I always dread this time of year, when the decorations come down, the ornaments are put away, and the Christmas music is again replaced with the radio’s latest pop hits. I try to put this inevitable part of the season off as long as I possibly can—but eventually it comes, that terrible moment when I realize that I simply can’t deny it any longer.
Christmas is over.
Yes, it’s come to an end, this magical season. I am overcome with the post-holiday blues, suck it up, make the trek back down to the basement to come up with the boxes…Pack it up, Amy! I say to myself. Christmas will roll around again next year; it always does…
But before I actually go downstairs to my basement, I do have one more day of Christmassing. Today is Epiphany, when the wise astrologers from the East came to visit the Christ-Child. Today is actually the 12th—and final—day of Christmas. As we all know so well, they came bearing gifts—luxurious, precious gifts—for the newborn King. Thus, I wonder, too, what gifts might I bring? What gifts might I offer to Christ this year?
When I was in the Congo this past November, I preached in a church-on-stilts in a fishing village. Folks set up a camp of sorts along the Congo River where they could fish and make some semblance of a living. Fishing means surviving for most of the members of this community.
After I preached my sermon, translated into the local language of Lingala, I sat back down in my seat and proceeded to watch the members of the church dance forward their offerings. I was overcome by their joy in doing so. I’m serious when I say that they danced their offerings forward. They were thrilled—delighted—overjoyed that they had something to give! This was the highlight of the worship experience! Praise be to God for the opportunity to give what we have!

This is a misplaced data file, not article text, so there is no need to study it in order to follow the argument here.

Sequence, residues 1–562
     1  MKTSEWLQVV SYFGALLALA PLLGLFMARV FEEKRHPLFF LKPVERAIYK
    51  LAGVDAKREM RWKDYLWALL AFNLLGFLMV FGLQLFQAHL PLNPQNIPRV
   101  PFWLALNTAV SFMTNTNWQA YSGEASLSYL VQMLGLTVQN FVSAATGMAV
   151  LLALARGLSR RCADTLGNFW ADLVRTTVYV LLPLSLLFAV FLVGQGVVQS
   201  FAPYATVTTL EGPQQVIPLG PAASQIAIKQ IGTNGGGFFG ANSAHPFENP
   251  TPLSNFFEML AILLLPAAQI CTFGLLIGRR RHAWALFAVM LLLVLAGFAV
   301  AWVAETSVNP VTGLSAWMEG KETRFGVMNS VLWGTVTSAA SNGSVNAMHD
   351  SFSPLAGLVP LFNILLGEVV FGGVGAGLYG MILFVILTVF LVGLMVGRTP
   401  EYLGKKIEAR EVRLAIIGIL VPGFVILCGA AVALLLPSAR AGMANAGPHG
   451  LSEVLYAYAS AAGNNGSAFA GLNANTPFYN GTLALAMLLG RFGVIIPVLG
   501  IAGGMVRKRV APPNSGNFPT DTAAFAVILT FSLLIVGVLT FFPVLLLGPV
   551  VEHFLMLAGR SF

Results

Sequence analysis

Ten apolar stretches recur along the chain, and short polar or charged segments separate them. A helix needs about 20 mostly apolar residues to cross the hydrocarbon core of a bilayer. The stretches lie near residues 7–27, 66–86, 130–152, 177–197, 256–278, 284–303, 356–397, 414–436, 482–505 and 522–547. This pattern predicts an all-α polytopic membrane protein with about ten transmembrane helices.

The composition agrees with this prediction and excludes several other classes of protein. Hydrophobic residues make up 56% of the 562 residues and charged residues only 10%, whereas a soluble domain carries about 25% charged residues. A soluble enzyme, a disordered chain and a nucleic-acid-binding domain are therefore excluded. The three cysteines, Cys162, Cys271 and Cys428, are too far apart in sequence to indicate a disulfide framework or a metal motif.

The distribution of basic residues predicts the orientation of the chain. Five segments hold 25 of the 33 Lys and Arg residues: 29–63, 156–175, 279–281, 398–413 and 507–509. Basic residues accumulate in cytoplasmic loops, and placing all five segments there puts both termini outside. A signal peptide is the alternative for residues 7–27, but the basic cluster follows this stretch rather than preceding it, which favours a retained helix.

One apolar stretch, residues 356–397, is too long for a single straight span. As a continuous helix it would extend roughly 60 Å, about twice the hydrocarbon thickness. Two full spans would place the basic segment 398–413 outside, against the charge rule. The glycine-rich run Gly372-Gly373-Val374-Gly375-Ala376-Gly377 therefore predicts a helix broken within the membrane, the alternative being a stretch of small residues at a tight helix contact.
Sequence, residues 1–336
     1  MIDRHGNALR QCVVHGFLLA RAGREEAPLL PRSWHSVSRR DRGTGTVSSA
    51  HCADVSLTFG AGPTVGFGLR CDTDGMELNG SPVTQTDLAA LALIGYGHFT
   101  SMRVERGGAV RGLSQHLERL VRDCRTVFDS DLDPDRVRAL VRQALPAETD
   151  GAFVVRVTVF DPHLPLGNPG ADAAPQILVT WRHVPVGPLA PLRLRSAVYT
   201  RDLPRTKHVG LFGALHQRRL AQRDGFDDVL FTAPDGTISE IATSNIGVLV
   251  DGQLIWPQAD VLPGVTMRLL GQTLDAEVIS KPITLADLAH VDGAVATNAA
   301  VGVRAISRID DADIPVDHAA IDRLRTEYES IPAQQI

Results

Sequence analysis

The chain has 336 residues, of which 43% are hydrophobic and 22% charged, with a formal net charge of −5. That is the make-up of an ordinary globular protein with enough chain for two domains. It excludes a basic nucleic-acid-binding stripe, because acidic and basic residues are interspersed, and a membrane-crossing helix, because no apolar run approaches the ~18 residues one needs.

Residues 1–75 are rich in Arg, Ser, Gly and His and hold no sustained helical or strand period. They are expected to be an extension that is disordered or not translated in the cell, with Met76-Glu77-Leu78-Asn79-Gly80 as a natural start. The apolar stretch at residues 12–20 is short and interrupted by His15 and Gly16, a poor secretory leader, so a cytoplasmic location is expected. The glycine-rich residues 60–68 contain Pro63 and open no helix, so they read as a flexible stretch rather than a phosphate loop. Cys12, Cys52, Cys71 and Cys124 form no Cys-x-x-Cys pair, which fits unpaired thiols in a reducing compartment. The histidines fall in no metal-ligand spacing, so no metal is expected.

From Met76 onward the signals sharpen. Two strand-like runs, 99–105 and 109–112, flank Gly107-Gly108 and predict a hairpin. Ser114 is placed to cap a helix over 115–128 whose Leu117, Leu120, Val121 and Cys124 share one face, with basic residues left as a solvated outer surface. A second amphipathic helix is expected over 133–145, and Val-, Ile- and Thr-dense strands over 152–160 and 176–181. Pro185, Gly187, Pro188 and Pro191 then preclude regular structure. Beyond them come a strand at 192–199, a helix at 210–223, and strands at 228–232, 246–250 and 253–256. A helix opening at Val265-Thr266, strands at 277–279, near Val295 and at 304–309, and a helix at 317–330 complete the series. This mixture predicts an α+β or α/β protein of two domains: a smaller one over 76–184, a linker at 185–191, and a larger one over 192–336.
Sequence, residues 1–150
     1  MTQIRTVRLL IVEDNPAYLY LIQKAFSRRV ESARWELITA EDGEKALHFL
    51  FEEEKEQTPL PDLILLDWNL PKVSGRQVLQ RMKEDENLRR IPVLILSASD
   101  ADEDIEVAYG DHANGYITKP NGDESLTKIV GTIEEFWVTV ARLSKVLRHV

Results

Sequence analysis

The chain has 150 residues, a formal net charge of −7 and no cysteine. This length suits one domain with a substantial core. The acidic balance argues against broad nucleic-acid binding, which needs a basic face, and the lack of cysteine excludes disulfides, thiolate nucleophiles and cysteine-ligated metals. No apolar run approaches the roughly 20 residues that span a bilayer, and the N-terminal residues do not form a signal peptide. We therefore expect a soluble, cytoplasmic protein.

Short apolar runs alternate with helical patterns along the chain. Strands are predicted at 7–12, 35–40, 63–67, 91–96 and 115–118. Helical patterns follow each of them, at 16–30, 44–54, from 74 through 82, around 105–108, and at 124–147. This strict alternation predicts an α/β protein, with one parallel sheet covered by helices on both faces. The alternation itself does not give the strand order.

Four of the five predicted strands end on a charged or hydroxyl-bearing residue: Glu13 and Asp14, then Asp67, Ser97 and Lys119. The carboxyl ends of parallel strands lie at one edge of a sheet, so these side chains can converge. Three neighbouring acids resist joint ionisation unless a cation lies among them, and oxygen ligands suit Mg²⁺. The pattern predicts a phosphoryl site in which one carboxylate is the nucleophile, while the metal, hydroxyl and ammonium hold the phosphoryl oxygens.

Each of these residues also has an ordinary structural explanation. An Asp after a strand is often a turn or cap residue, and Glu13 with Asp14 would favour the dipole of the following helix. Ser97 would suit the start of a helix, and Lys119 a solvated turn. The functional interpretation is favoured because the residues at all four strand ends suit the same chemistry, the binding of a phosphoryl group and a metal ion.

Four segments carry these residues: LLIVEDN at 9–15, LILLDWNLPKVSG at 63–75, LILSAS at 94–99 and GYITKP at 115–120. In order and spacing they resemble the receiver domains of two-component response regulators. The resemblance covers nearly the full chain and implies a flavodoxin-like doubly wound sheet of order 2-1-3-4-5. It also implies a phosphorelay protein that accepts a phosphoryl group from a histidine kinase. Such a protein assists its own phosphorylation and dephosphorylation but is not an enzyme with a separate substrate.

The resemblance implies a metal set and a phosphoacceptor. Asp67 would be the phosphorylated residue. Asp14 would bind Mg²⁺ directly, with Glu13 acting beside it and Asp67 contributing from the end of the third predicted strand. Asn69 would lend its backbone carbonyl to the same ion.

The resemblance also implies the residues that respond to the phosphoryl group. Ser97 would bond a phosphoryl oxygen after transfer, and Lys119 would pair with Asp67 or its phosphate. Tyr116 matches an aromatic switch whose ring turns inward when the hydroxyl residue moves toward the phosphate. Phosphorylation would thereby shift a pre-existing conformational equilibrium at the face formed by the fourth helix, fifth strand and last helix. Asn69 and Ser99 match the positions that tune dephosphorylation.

And just when I thought it was over, the marvelous African beat continued and they kept dancing. They were invited to give another offering—another offering? I thought. This would never fly in our churches at home! This time they brought forward their gifts for me, the preacher. What? Me? An offering for me?? I could hardly believe it. Their tradition to offer gifts of gratitude for the one who shared the word of God was overwhelming to me. Never has this happened to me in all my travels and visits to preach the Gospel! Wow!
So I graciously—despite my incredulousness—accepted the three fish that were brought forward. And the long branch of plaintains; the oranges; the money. I felt strange about accepting it, I’ll admit. But I know that to honor the giver you honor the gift. This is what Week of Compassion is all about.
Honoring the giver and the gift—this is also the best way to honor the receiver.
Friends, I honor you this Epiphany. I honor you for the gifts you bring. I honor you for the offerings you bring to Week of Compassion. I honor you for offering what you have. Most of all, I honor you for giving the best gift of all: yourselves.
You are your best offering.